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Why is the stock market falling?
Your basic guide to what has been moving share prices in recent times.
by Chris Marshall on Apr 25, 2012 at 08:31Follow @cmarshallCW
One way or another, everyone has a stake in the stock market.
You might not invest directly in shares (also known as equities or stocks), but if you have a pension then that will hold shares. Or you might have an interest in a company, which may be dependent on the stock market to raise money to expand, for example.
So when stock markets have a rough time it isn’t only important for City types.
To understand why markets (here we’re concentrating on share markets, but 'markets' is an umbrella term for many assets including currencies, bonds and commodities such as oil) are falling, we first need to step back a little.
A brief history of boom and bust
Stock markets in the Western world tend to broadly move in line with one another. Taking a look at the past decade or so, you can see that stock indices such as London’s FTSE 100 (the 100 biggest listed ‘blue chips’ such as Tesco, BP or Barclays) or the S&P 500, an index of shares listed in the US, peaked in 2000.
Then, with the bursting of the ‘dot com bubble’ – the bust that followed speculative buying of internet and information technology company shares – markets shot down until late 2002 and early 2003, after which they started climbing again. They did so right up until peaking in the second half of 2007.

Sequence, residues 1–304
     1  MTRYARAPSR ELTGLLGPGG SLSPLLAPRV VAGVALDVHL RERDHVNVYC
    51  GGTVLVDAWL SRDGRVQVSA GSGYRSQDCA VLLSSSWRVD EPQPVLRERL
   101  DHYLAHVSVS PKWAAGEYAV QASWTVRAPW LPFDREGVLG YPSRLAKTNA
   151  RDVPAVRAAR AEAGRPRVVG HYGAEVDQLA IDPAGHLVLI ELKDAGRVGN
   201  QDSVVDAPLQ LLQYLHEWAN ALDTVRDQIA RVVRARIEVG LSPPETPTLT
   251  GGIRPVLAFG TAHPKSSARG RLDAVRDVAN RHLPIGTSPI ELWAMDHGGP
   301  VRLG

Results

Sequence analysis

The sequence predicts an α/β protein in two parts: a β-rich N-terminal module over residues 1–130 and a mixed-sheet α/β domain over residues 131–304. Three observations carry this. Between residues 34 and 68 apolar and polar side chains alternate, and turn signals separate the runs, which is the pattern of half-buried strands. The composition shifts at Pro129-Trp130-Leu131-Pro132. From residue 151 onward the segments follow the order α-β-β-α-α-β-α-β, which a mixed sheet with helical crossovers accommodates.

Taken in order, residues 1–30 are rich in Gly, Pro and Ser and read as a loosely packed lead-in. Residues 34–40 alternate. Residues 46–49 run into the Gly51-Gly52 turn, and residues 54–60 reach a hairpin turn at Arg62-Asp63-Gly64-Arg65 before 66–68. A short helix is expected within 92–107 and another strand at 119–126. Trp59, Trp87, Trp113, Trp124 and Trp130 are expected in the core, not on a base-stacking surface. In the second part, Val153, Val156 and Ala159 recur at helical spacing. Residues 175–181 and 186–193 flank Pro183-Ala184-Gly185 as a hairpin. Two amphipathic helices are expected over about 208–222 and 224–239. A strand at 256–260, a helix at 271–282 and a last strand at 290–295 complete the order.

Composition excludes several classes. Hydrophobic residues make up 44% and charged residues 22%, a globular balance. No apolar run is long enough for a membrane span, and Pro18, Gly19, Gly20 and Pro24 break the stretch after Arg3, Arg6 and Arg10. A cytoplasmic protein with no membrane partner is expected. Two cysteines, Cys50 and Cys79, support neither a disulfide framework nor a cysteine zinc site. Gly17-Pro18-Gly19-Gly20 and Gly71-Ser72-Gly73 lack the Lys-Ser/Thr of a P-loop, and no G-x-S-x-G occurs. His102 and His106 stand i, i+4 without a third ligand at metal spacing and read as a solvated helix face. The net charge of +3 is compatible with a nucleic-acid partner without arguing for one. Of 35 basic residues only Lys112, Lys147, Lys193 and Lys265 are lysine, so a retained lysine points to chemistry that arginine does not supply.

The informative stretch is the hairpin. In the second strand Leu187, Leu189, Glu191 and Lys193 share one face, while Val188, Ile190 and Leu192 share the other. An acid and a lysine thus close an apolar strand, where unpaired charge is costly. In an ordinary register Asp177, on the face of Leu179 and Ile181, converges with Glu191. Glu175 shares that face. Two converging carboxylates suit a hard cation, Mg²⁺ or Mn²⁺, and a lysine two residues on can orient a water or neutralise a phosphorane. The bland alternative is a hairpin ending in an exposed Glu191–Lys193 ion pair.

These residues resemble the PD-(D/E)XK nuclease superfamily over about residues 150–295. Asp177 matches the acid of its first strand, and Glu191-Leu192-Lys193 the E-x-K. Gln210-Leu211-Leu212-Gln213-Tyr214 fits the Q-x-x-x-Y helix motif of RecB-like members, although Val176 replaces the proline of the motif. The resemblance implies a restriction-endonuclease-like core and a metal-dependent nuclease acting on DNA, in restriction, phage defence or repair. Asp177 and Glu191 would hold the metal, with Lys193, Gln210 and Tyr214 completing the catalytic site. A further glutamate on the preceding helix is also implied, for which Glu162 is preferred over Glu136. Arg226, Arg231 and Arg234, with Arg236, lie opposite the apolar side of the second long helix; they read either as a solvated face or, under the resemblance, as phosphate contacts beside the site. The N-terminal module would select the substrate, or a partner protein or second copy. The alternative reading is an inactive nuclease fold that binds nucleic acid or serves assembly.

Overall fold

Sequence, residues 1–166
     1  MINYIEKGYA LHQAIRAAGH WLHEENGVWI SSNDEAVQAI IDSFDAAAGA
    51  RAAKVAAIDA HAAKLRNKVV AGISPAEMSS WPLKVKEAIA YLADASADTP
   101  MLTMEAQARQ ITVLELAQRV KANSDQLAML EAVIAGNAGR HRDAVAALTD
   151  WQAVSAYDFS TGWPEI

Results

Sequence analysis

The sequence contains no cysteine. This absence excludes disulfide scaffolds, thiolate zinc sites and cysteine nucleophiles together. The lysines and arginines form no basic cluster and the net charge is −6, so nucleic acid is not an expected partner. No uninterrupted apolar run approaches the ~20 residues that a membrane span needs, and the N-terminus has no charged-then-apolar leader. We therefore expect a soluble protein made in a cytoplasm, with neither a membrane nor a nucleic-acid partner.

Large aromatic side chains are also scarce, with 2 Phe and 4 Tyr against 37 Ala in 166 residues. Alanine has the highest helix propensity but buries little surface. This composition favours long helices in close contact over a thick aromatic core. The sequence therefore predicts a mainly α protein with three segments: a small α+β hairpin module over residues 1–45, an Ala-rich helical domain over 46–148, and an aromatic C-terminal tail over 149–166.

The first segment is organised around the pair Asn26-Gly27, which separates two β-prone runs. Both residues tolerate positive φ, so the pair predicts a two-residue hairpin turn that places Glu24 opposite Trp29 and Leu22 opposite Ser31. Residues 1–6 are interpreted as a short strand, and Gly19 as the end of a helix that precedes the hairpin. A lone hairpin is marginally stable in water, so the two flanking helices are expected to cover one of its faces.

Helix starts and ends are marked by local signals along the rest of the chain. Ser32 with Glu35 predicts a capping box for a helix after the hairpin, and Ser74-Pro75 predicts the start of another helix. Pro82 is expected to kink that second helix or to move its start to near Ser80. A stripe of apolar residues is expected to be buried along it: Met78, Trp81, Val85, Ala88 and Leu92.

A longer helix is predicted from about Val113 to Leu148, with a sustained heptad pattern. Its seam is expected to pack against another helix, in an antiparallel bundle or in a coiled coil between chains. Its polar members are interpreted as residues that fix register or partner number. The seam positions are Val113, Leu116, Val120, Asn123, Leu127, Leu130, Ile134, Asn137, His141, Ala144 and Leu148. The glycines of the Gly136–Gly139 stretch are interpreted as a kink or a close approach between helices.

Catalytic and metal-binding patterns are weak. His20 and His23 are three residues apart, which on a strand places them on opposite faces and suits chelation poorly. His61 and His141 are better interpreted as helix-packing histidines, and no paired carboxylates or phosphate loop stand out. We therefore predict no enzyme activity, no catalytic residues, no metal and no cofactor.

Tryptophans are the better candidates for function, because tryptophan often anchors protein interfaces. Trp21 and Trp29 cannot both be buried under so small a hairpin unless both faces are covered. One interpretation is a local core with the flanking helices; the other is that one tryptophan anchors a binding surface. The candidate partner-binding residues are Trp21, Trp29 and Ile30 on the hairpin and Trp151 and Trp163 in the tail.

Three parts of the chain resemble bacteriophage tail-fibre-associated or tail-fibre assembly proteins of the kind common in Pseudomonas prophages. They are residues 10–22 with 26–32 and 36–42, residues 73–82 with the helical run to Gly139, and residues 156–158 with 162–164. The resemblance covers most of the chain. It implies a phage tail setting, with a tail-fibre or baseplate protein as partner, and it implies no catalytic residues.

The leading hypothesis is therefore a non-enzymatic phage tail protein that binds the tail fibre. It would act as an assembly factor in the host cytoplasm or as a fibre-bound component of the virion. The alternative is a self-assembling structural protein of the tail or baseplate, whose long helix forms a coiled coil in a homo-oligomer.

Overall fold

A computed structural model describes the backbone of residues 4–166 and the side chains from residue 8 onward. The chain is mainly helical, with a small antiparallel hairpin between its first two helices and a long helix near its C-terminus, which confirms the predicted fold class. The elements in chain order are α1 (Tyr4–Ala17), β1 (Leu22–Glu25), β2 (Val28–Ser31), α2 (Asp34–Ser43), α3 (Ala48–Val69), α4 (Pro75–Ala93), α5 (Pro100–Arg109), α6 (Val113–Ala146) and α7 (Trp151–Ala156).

Then it all went drastically wrong. The credit crunch exploded with a chain of banks failing or needing to be rescued with taxpayers' money. On a few particularly bad days the FTSE 100 fell as much as 7%, or, in the worst case, on 10 October 2008, a staggering 8.85% or 381 points. You have to watch the markets for a while to get a feel for how big a drop that is. A decline of about 2% is normally enough to yield some fairly scary news headlines.
It's clear why stock markets fell so much on days like 10 October 2008: the global financial crisis had reached a point where global recession seemed imminent. Uncertainty (stock markets’ greatest foe – it’ll come up a lot in this article) about government support for the banks and what was next sparked panic-selling of shares.
Plus, crucially, banks – which lubricate the global economy – were reluctant to lend money to one another, uncertain what toxic assets their competitors might be harbouring.
This wasn’t helped by comments from high-profile figures using language like ‘great crash of 2008’ and ‘bloodbath’. But in market terms, they were spot on.
Five months later and markets had hit rock-bottom. In the FTSE 100’s case this meant 3,753 points – that’s 3,000 points lower than it had been at its 2007 peak.
But what goes down….
So began the long climb up again, all the way – barring some fairly big dips – until last summer.
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